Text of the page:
• The cumulative distribution function (cdf) F(x) of any random variable X with probability mass or density function p(x) is defined by:
F(x)=P(X\leq x)= \begin{cases}{ \sum_{y: y\leq x} {p(y)}},& X = \texttt{Discrete-RV},\\
{\int_{-\infty}^{x} {p(y)dy}},& X = \texttt{continuous-RV}.\end{cases}, for all x.

PDF Example

The Benford's Law states that the probability of the first digit (d) in a large number of integer observations (d\not=0) is given by

P(d) = log{1+d \over d}, for d = 1,2,\cdots,9.

Note that this probability definition determines a discrete probability (mass) distribution:

\log{2\over 1}+\log{3\over 2}+\log{4\over 3}+ \cdots +\log{10\over 9}= \log({{2\over 1} {3\over 2} {4\over 3} \cdots{10\over 9}}) = \log{10\over 1}  = 1
d 1 2 3 4 5 6 7 8 9
P(d) 0.301 0.176 0.125 0.097 0.079 0.067 0.058 0.051 0.046

The explanation of the Benford's Law may be summarized by the fact that, the distribution of the first digits must be independent of the measuring units used in observing/recording the integer measurements. For instance, this means that if we had observed people's heights in inches or centimeters (inches and centimeters are linearly dependent), the distribution of the first digit must be unchanged. In other words, this distribution must be scale invariant, and the only distribution that obeys this property is the one whose logarithm is uniformly distributed.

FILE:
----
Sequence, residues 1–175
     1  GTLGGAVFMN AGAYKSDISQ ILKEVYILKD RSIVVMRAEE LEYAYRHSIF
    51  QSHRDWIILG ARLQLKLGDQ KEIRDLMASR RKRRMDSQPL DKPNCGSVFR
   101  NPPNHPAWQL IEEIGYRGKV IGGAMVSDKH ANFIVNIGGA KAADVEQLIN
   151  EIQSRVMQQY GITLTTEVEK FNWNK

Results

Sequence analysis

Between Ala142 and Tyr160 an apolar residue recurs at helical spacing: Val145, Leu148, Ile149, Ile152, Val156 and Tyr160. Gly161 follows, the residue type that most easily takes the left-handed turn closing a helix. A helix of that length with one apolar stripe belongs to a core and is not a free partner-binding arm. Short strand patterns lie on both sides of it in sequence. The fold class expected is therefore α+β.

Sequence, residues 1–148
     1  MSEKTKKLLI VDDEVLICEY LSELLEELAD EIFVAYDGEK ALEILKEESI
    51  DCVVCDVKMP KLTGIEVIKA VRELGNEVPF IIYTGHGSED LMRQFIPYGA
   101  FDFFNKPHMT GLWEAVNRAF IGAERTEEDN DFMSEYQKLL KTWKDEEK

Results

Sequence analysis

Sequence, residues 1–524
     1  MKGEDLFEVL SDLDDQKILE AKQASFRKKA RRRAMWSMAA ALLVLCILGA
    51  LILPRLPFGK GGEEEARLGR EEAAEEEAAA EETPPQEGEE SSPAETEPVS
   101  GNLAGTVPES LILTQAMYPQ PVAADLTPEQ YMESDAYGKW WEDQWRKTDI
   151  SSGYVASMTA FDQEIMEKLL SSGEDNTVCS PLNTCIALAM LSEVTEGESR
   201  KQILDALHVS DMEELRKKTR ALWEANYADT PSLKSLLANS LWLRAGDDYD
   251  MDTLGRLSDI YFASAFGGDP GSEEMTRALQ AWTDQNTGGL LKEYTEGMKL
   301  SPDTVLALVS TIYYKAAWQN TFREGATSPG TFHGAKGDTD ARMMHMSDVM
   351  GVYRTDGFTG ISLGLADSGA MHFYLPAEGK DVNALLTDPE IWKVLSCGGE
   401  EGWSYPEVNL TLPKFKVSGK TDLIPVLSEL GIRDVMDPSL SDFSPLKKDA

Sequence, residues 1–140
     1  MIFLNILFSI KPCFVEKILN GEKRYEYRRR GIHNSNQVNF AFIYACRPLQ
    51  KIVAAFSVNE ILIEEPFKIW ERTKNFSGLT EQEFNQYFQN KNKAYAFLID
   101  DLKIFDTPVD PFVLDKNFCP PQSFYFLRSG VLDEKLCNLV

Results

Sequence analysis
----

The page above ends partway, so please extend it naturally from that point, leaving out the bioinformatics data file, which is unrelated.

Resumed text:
How to Use RVs?

There are 3 important quantities that we are always interested in when we study random processes. Each of these may be phrased in terms of RVs, which simplifies their calculations.

  • Cumulative Distribution Function (CDF): P(X < xo), for all xo. For instance, in the (fair) die example we have the following discrete density (mass) and cumulative distribution table:
x 1 2 3 4 5 6
PDFP(X = x) 1/6 1/6 1/6 1/6 1/6 1/6
CDF P(X\leq x) 1/6 2/6 3/6 4/6 5/6 1
  • Mean/Expected Value: Most natural processes may be characterized, via probability distribution of an appropriate RV, in terms of a small number of parameters. These parameters simplify the practical interpretation of the process or phenomena we study. For example, it is often enough to know what the process (or RV) average value is. This is the concept of expected value (or mean) of a random variable, denoted E[X]. The expected value is the point of gravitational balance of the distribution of the RV.

Obviously, we may define a large number of RV for the same process. When are two RVs equivalent is dependent on the definition of equivalence?

The Web of Distributions

There are a large number of families of distributions and distribution classification schemes.

The most common way to describe the universe of distributions is to partition them into categories. For example, Continuous Distributions and Discrete Distributions; marginal and joint distributions; finitely and infinitely supported, etc.

SOCR Distribution applets and the SOCR Distribution activities illustrate how to use technology to compute probabilities for events arising from many different processes.

The image below shows some of the relations between commonly used distributions. Many of these relations will be explored later.